The invitation caught me a little of guard. I had watched others participate and wondered if I could. I must admit that there have been times I have thought that it didn’t look that hard. I found too many excuses to not be involved. To be brutally honest, the excuses were a thin layer for my lack of courage. Someone else would be better. I wasn’t keen to make myself so vulnerable in the hope of participating. I was afraid of making a mistake even before I set foot into the possibility.
The director told me it would be a small role in the Horsham Arts Council’s production of Annie. They were looking for another male to ‘help make up the numbers.’ I thought the small role meant sitting on the edges, being an extra while others would shine.
I didn’t look at the role or script until all the cast came together for the first reading. That’s when I started to feel like I had been set up. I don’t want to give you the wrong idea. I wasn’t a main character and I wasn’t on stage for more than five minutes. However, when we first practiced our scene with a total of 6 other people and the director was almost on the floor laughing at me, I was convinced I had been set up. Having a small role had become having a few lines which became singing and dancing. Which should not have been a surprise really considering I was participating in a musical. I guess one way to overcome my lack of courage is to be unknowingly sucked into something!
Throughout the rehearsals, I also became involved in the backstage crew. The challenges working backstage were different but just as intense. The need to move quickly, smoothly and almost unseen is an art form. After watching a number of productions over the years, I now have a deeper appreciation of what it takes to produce such a great show for people to enjoy.
The experience was so valuable I am still chewing over the lessons…
* Once we say yes to something, there is no half-hearted! Well, we can be half-hearted, but we miss out. Being fully engaged meant participating in physical and vocal warm-ups, something no one told me before I agreed. It meant wearing makeup so the lights didn’t make me look pale. There are some words I never thought I would say. It meant having people critique me and receiving feedback, wanted and unwanted. It meant deciding to fully step into the role and even go over the top.
* There can be plenty of suggestions made, but there needs to be a common vision and direction given. There were plenty of times when people offered opinions and asked questions. Many were valid. I imagine many ideas would have been incorporated as the show progressed. Things were changed as the practicality or impracticality became obvious. In the end, there needs to be someone reminding people of the vision, the goal, the destination. Whatever path we are travelling, we need to the courage to keep pursuing the vision we have. We also need humility to make adjustments, admitting mistakes along the way.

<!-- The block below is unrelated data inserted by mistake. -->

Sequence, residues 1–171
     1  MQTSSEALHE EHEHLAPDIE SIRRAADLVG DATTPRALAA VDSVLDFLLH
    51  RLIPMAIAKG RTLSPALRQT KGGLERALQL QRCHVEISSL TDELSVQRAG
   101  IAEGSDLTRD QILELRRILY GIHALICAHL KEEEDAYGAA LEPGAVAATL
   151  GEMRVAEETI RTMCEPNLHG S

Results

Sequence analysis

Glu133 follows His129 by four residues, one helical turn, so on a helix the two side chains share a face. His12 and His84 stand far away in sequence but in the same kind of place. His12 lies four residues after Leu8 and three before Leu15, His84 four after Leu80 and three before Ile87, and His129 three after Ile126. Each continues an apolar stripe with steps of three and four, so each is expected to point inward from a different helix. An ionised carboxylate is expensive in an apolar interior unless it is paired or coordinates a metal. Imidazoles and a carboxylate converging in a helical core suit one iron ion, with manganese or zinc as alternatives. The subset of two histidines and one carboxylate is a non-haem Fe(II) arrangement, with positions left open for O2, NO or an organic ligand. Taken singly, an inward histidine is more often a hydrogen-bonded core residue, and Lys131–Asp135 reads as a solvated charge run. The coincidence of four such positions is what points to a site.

* Learning to dance is one of the great gifts in life. Moving scenes as the cast were moving on and off stage was like doing a great dance. Being able to watch for each other, take our cues from others, receive instruction, watch our timing, work in the background so that others can step to the front … it was all a dance within the show. We could have just had the cast on the stage, but the scenes, costumes, makeup and lights added depth and an experience for the audience. You could travel to a different room and even through time. Hours of rehearsals to produce the character says nothing about the hours of preparing scenes and setting up sound and lighting. Our lives are learning to dance with others.
* Being uncomfortable and taking a few risks will bring the greatest rewards. Were there times I Questioned my decision? Yes. There were times I was frustrated, uncertain and even confused. There were probably times others felt the same about my contribution. I am not the expert. However, I have been reminded of the possibilities created when people from all walks of life contribute to something bigger than ourselves.
* There is a great deal of time spent waiting. In a world where we are always moving from one to things to another and feeling the urgency of responding immediately, I learned to appreciate the moments of waiting. It was ordinary and at times it was a drag. But so much of life is lived in the ordinary. It’s the ordinary that gives us the greatest gifts as we learn to be present wherever we are with those around us.
* Friendships come from the most unexpected places. I heard some great stories from people. I learned from teenagers, young adults and people twenty years older. People who have different interest, opinions, and values to what I hold. I love being a part of a community that lives, works, plays, and dances across the generations. I am better for the collective experience and wisdom.
* Learning to celebrate is important. I was caught off guard after the first show that everyone was high-fiving, hugging and saying well done. I was standing there thinking we still have eight shows to go. I learned to celebrate with others, every show. There were always things to improve, change, adapt and work on, but we had still created something together, and that was worth celebrating along the way.
What has been your experience of stepping into something new or participating in something outside your comfort zone? May you have the courage to learn a new dance.
Thanks for wandering with me.